Posts Categorized: General

L.L. Bean to offer Women’s-Only Wilderness First Aid

FREEPORT, ME – L.L. Bean has partnered with Wilderness Medical Associates to offer a Wilderness First Aid (WFA) course. This course, unlike the standard Wilderness First Aid, is available exclusively for women. WFA training is imperative for people who are looking to experience outdoor adventure, safely, giving you the knowledge and confidence to assess and… Read more »



Scope of Practice: Wilderness First Aid (WFA)

As you may know, a number of people from a variety of wilderness training organization wrote a Scope of Practice (SOP) document in 2010 for Wilderness First Aid (WFA) courses.  The intent was to clearly articulate what we believe to be the intended audience of such a course and what a graduate of a 16 hour WFA should be trained… Read more »



Building a Wilderness First Aid Kit

Walking through the first aid aisle at your local outfitter store can be overwhelming. While there are many excellent prepared kits on the market, often enthusiasts choose to create and specialize their own.  Your kit will be different based on where you are camping and hiking. Trips at altitude, near marine environments or canyoning, and… Read more »



Finding a Medical Advisor for your Outdoor Program

A medical advisor can and should be an integral part of your risk management team, not just the person who writes prescriptions for epinephrine. Functions could include review and advice on policies that have to do with safety, medical management and treatment protocols. If you do any screening, an adviser can also give some guidance… Read more »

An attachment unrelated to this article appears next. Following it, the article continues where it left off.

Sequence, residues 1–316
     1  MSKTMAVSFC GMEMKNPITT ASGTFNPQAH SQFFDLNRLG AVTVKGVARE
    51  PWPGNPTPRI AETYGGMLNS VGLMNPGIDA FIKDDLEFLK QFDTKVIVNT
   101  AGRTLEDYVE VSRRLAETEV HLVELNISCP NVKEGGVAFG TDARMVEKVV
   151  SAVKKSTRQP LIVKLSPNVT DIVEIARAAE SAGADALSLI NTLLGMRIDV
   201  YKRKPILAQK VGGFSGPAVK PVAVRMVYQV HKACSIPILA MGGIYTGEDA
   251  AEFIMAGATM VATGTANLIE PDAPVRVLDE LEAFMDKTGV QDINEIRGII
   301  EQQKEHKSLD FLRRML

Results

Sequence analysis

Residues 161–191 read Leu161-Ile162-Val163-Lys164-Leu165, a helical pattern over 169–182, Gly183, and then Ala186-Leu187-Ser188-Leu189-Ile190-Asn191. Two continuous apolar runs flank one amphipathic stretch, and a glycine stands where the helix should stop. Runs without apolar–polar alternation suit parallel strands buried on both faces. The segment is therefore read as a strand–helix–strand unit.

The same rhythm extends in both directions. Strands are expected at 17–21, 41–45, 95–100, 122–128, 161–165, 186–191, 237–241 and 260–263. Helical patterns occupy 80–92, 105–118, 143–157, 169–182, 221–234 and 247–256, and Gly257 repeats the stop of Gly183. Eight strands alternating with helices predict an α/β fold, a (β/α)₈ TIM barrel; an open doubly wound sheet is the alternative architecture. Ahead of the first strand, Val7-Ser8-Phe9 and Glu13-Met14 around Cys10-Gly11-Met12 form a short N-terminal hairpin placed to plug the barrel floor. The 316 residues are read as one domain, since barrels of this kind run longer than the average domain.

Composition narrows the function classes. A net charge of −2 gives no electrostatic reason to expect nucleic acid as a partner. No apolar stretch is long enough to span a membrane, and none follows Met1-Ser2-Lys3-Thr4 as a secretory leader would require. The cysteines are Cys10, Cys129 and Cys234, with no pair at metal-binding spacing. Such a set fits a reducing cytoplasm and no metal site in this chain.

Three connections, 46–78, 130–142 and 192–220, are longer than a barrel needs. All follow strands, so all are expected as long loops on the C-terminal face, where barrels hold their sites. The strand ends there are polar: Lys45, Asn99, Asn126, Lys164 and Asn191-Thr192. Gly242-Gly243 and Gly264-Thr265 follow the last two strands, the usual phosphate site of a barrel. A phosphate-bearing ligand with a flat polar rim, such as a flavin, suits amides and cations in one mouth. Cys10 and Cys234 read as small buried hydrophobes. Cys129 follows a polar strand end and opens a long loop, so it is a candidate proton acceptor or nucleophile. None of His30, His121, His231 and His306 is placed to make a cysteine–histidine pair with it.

Newly Revised: Wilderness Medicine Field Guides

We are pleased to announce the publication of the newly revised, spiral-bound Field Guide of Wilderness & Rescue Medicine and the fold-out Wilderness First Aid (WFA) Guide. Each reflects our understanding of current advances in the medicine utilized in wilderness and low-resource settings; while both retain their simplicity and practical utility.



Q: We routinely use Silvadene for burn treatment at our hospital. I understand that you are not too keen on it. Why?

We have steered away from silver sulfadiazine (e.g., Silvadene) at work for years. We have found that products like a vasoline-type gauze, e.g., Xeroform, is more comfortable and easier to maintain requiring fewer banadage changes.



Heat Stroke Treatment: What is the best way to cool off a heat stroke victim?

What is the best way to cool off a heat stroke victim? The simple answer? Using the resources at hand, aggressively lower the person’s body temperature to 39°C (102.2°F) as quickly as possible.  Anything longer than 30 minutes has the potential to have more profound and long lasting pathophysiologic effects. The debate about treatment revolves… Read more »